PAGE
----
12 military unit.
13 JUDGE ANTONETTI: [Interpretation] I'm going to ask you a question
14 which may prove useful once we deliberate.
15 You just said someone prepares the report which is to be
16 forwarded to the military prosecutor, and then that's where your work
17 ends, unless additional information is provided, which you will then
18 forward to the military prosecutor. Fine. What I would like to know is
19 this: Please listen carefully. When the report is drafted for it to be
20 sent on to the military prosecutor, do you always ask for permission from
21 the military unit commander whom the soldiers belong to or don't you ask
22 him anything whatsoever; you simply forward the report to the military
24 THE WITNESS: [Interpretation] If I understood you correctly,
25 Your Honour, you mean that I seek permission to submit a criminal report
1 to the Prosecutor's Office. If so, the answer is, no, I never did that.
2 We were autonomous in all matters with regard to the -- to criminal
3 reports. We were a sort of service of the public -- of the Military
4 Prosecutor's Office and all our criminal reports went to them. We never
5 applied to any military commander to allow us to submit our criminal
6 reports to the military prosecutor.
7 JUDGE ANTONETTI: [Interpretation] Fine, thank you.
8 MS. TOMASEGOVIC TOMIC: [Interpretation]
9 Q. When you collected information and established the identity of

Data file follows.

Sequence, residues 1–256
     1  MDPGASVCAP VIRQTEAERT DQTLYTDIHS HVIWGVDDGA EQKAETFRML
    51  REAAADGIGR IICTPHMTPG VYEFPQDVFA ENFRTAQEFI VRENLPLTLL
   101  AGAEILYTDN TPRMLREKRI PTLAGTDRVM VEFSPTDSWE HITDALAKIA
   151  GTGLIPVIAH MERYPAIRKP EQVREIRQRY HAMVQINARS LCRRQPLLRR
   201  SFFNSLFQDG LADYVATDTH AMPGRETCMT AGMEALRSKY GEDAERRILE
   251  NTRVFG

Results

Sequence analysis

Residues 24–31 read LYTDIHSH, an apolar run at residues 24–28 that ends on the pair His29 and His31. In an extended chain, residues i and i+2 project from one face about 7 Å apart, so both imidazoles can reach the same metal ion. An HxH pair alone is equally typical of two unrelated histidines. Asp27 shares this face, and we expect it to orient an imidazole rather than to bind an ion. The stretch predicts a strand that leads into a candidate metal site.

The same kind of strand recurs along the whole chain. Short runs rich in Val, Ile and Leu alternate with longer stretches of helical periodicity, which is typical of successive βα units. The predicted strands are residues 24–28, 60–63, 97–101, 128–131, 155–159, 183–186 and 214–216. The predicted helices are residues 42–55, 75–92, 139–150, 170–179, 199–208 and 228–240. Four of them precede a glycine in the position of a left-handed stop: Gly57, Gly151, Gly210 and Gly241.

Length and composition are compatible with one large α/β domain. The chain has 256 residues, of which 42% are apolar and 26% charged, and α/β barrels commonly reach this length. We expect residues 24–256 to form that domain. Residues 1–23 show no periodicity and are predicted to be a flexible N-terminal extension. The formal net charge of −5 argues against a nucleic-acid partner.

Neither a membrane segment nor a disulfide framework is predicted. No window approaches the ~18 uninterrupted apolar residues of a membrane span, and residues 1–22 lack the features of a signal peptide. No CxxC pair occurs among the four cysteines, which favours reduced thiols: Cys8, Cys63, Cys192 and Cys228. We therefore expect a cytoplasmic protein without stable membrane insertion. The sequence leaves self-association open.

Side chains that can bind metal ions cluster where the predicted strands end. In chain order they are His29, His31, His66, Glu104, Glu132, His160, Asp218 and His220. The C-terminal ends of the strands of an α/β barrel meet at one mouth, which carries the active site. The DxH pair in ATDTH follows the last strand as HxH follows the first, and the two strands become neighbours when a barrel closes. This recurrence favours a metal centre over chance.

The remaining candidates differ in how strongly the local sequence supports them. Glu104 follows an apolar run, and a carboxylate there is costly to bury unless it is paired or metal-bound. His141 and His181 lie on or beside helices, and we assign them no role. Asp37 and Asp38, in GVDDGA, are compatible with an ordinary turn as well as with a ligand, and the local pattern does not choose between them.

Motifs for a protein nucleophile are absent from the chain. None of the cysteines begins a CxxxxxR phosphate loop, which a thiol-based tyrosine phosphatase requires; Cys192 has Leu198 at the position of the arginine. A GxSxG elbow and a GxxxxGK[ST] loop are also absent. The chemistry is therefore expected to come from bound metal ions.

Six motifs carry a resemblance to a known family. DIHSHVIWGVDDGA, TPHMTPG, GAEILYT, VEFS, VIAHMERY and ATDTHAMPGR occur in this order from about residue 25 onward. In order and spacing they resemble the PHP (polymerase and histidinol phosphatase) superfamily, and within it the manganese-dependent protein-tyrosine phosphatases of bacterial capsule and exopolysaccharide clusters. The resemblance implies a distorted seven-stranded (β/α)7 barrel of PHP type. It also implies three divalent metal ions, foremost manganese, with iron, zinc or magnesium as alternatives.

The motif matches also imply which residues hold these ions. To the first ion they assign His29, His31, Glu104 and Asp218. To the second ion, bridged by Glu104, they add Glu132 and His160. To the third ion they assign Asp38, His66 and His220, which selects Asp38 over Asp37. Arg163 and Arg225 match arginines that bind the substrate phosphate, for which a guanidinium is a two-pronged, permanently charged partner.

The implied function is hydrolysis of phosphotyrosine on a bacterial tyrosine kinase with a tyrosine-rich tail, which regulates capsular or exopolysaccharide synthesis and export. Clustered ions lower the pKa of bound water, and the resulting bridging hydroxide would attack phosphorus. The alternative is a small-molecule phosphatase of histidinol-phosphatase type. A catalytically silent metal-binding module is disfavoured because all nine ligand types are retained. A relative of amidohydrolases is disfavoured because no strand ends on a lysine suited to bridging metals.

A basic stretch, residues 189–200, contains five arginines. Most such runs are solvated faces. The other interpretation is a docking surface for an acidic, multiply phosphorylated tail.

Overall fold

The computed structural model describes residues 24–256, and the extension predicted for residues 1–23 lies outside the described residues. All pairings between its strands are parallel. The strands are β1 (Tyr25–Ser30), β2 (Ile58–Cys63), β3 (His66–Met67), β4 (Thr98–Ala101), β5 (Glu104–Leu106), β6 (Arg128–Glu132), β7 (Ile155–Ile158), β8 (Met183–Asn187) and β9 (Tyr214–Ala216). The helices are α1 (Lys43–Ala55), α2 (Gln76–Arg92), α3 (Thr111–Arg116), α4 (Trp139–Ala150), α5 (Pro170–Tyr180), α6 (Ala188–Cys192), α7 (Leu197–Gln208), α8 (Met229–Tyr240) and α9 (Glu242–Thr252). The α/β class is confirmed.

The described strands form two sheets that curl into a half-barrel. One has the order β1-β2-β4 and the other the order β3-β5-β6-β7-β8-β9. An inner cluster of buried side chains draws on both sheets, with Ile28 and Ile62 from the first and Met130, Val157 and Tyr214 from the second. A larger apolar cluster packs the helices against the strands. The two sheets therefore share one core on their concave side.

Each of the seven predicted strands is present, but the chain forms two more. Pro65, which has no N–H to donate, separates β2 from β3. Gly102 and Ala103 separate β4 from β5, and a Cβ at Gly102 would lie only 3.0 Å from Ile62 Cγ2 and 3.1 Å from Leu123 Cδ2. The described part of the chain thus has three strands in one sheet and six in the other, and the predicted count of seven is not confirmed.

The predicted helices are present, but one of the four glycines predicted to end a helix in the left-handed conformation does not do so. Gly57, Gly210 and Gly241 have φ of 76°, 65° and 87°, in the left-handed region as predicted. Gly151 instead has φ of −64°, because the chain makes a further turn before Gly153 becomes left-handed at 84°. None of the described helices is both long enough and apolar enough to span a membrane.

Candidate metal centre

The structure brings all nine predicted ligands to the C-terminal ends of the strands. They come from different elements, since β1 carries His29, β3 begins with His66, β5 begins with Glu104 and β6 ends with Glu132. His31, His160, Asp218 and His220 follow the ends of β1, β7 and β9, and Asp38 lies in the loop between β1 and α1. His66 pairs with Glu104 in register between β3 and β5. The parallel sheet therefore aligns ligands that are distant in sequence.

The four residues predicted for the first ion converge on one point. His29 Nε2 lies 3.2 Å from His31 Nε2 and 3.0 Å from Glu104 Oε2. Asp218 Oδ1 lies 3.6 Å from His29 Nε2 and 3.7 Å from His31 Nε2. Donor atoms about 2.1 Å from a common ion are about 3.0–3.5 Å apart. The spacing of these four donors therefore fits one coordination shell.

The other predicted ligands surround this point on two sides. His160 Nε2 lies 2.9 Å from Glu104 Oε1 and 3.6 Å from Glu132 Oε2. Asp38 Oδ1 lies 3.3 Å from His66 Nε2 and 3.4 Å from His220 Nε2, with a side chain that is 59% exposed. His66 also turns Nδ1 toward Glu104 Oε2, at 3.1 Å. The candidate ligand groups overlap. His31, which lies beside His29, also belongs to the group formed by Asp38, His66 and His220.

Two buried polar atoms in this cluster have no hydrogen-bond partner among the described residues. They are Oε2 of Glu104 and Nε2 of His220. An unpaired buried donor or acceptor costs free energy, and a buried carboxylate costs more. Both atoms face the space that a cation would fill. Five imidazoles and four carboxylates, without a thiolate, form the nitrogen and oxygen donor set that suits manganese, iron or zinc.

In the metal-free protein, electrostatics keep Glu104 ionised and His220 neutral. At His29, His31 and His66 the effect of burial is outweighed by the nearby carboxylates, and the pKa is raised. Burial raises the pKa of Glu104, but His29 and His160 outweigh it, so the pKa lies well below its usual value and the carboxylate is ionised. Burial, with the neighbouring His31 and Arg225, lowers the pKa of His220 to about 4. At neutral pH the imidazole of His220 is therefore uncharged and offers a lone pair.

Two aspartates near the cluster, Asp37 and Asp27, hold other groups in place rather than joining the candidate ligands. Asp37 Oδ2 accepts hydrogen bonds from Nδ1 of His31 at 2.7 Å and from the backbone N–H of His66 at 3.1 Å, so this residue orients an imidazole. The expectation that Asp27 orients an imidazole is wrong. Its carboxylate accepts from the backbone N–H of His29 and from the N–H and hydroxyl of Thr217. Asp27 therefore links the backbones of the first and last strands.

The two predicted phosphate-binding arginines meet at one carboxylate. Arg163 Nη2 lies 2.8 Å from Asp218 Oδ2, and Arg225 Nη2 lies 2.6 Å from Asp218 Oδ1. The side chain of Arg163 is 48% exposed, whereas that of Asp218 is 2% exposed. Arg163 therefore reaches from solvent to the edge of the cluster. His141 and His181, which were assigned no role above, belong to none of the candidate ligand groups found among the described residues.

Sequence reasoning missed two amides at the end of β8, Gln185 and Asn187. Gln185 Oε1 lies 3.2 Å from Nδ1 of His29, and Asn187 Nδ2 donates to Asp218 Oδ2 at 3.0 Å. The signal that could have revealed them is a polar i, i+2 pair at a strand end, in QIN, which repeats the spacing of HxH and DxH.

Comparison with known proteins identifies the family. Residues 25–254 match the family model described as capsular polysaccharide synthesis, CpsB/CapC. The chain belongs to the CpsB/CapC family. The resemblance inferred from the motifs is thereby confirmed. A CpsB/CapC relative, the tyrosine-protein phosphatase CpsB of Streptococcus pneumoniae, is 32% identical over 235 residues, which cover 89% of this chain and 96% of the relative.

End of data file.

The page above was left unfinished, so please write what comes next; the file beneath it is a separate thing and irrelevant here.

10 the perpetrator of a crime, you know that the perpetrator is a soldier
11 and member of a certain unit, were you duty-bound to inform his
13 A. The daily reports that we drafted in our department at the end of
14 working hours, if they included the information that a criminal report
15 was filed against a soldier, it would be forwarded through the battalion
16 of the military police up to the zone of operations, and we would inform
17 the military commander of the fact that a criminal report was submitted.
18 Q. You mean the military commander of the unit whose member the
19 perpetrator was?
20 A. Yes.
21 Q. Once you complete that stage of the investigation, you do
22 everything necessary, but the identity of the perpetrator remains
23 unknown. What did you do in such cases?
24 A. Unknown perpetrators, or "NN" as they were designated, would not
25 be -- such cases would not be closed. We would never close NN cases. We
1 would always strive to find information that could lead us to the
2 perpetrator. After several months of work, doing something else
3 altogether, we would often stumble upon information that we needed in the
4 other case, and then we would file a criminal report.
5 JUDGE ANTONETTI: [Interpretation] We have fully understood which
6 procedures apply to NN, non-identified perpetrators, and you've described
7 to us in detail what happens when the perpetrator is identified. I shall
8 now put to you a question. It is a shame that General Praljak is not
9 here today. I hope that he will come back again soon.
10 General Praljak had told us this: Listen carefully. He told us
11 that, As a military commander, I hold a defence line facing the enemy.
12 If I hear that among the soldiers on this defence line there are some
13 that have committed offences, I shall not arrest them straight away,
14 because if I arrest them, I will then weaken my defence line and the